Held in the Trust’s imposing Wolfson Theatre, the Right Care, Right Here regeneration work stream event proved to be a most engaging and energetic morning, attracting a wide range of vested interests and representation.
Intended to use the commissioning and building of the Midland Metropolitan Hospital as a catalyst for local and regional regeneration, the initiative looks to develop workforce and community links which will see the Hospital deliver truly integrated healthcare.
Employment and housing are key to the aim of delivering healthcare by the community, for the community. A workforce drawn from the local area enables the Hospital to meet its core care provision, as required and appropriate. They will also be able to maintain a proportional work/life balance by reducing travel times.
Associate Director of Education, Learning & Development for the Sandwell and West Birmingham Hospitals NHS Trust, Jim Pollitt, gave a compelling presentation on the need to develop a sustainable workforce for the Midland Met Hospital and the various employment schemes that might be utilised - apprenticeships and blended learning options being just two.
He also looked at the value of ‘Live & Work Schemes’; how the future workforce can be encouraged to choose the Midland Met as the place where they will acquire professional and life skills.
An update on housing plans for the Smethwick and Ladywood area was given by Jacob Bonehill of Birmingham City Council. He emphasized the large investment being made into housing stock in the neighbourhood around the hospital.
There are more than 6,000 new homes planned, with parallel investment in retail and office space and employment - notwithstanding standalone initiatives such as the Edgbaston Reservoir plan and the Birmingham Cycle Revolution. All of this is underpinned by extensive public/private sector collaboration which seeks to make the footprint of the Hospital and its adjacent environs of Ladywood and Smethwick, a great place to live and work.
The development of the transport infrastructure by which we move from work to home and back, through which we shop, conduct leisure activities, socialise and more, was addressed by Yvonne Gilligan of Sustrans. Yvonne’s overview on the need to ensure investment in cycle paths, reliable bus transport and car share schemes was fascinating and echoed Conrad Parkes’ clear message, that we have an opportunity here to make a real difference.
In an area where deprivation is higher than average and 28.3% of children live in poverty, we have an unrivalled chance to progress a regeneration agenda that capitalises upon investment in the Midland Met Hospital, whilst realising commensurate benefits in respect of enhanced healthy lifestyles for local people and an increase in economic wellbeing, as a result of locally employed NHS staff contributing to the adjacent micro-economy.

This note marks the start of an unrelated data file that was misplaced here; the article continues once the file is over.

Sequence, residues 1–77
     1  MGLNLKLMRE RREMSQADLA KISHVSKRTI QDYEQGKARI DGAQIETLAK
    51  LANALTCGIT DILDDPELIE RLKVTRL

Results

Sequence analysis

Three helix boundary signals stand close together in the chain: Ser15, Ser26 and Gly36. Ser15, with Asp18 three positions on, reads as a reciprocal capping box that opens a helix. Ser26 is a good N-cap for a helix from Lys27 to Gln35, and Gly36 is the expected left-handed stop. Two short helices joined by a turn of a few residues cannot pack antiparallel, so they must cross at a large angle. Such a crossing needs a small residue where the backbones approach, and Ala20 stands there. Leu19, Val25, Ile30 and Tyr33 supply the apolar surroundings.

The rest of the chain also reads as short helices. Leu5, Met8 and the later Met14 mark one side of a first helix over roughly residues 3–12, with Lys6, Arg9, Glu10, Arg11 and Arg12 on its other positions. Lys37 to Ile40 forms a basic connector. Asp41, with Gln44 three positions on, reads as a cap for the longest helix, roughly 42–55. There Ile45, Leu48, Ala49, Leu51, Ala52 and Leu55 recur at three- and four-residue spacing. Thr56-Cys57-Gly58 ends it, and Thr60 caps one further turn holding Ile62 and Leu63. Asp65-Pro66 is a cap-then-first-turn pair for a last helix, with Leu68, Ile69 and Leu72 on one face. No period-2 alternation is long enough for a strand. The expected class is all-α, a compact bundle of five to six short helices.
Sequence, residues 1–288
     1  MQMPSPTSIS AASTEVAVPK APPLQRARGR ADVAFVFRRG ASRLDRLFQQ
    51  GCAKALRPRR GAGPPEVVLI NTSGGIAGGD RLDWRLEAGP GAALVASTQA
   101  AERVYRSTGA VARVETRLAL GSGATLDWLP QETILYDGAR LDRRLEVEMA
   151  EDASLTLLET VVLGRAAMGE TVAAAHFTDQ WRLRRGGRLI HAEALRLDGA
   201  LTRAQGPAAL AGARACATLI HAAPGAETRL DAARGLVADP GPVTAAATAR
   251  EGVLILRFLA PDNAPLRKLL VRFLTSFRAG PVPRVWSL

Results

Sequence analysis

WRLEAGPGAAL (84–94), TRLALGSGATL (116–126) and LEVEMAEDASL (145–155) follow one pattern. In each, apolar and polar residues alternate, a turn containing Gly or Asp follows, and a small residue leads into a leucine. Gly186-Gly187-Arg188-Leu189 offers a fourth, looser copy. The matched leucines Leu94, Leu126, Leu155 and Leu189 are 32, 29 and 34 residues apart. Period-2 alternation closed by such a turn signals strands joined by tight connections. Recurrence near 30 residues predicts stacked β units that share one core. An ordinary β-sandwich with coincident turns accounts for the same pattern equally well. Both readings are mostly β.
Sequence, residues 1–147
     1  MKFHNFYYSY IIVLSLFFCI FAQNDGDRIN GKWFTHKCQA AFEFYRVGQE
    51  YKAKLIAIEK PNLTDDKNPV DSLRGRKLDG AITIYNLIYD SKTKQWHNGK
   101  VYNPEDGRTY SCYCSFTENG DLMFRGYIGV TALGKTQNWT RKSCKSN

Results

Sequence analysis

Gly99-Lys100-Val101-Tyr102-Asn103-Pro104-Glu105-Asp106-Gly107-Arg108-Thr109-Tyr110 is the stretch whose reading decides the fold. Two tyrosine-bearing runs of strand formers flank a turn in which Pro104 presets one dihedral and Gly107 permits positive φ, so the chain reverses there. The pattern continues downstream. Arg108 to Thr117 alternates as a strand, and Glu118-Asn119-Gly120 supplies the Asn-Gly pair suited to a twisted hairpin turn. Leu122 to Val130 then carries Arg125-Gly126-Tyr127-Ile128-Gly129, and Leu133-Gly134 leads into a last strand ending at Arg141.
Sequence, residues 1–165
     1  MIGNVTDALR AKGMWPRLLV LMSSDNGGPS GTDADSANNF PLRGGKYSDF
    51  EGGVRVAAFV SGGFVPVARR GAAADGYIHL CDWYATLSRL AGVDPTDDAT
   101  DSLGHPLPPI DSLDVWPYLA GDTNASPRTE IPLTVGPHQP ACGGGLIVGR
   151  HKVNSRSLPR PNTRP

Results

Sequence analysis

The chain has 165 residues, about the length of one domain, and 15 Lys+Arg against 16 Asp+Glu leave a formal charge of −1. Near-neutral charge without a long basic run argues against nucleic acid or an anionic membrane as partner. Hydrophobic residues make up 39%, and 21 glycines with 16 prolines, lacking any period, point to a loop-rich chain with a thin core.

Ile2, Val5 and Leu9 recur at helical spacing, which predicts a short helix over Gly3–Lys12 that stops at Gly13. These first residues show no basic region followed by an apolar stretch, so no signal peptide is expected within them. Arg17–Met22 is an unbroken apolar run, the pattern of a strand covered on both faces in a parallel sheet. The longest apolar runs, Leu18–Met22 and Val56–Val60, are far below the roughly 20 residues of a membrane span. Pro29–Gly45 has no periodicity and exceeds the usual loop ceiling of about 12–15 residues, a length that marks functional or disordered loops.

Paul Southon’s analysis of how we ensure positive approaches to healthy eating was especially illuminating – the use of the Hospital campus for world food fairs and farmers’ markets being both inspired and telling. Stimulating awareness and debate on food, food production and the associated small scale enterprise would reinforce current SWBH Trust priorities around tackling the public health pressure of high levels of adult obesity and diabetes.
A clear theme emerging from the delegates was that of community – of the need to engage, work with, resource and support local people so that they can make informed decisions about their own lifestyles and healthcare. The value added to this engagement by the voluntary sector was highlighted by Tracey O’Brien of the Birmingham Voluntary Sector Council (BVSC), who noted that at a time of diminishing state investment and significant local cuts, the third sector’s role was even more important.
Yet, for a sector that has arisen because, it could be argued, central government and business have failed, just 60% of BVSC’s members have paid staff. In addition, over half of the members of the BVSC have reported an increase in demand for their services but, as a result of funding pressures, 53% are not confident of surviving the next 5 years.
This is clearly worrying and a challenge that needs addressing by the Right Care, Right Here partnership. Indeed, is there an opportunity here to develop a new concordat with the voluntary sector? One that would see the Midland Met commission or buy in services from local third sector providers?
All of which would, in turn, ensure the local health economy is person-centred, user-led and that, ultimately, community and charitable organisations remain financially solvent. In essence, we’d be using the platform of the Midland Met to sustain vital and necessary voluntary sector provision.
An open session at the end of the event saw delegates further consider a number of pressing issues. Transport is clearly an important consideration – and always be – and the need for the Right Care, Right Here consortium to continue to monitor the development of the Hospital’s transport infrastructure was cited.
Looking forward, there are immense opportunities but also challenges. Maximising the potential of the Midland Met will require careful co-ordination and true collaboration as, more than just healthcare, it will be procuring local goods, and providing a hub for sport and leisure activity, a housing association and more. Careful planning will need to be the order of the day.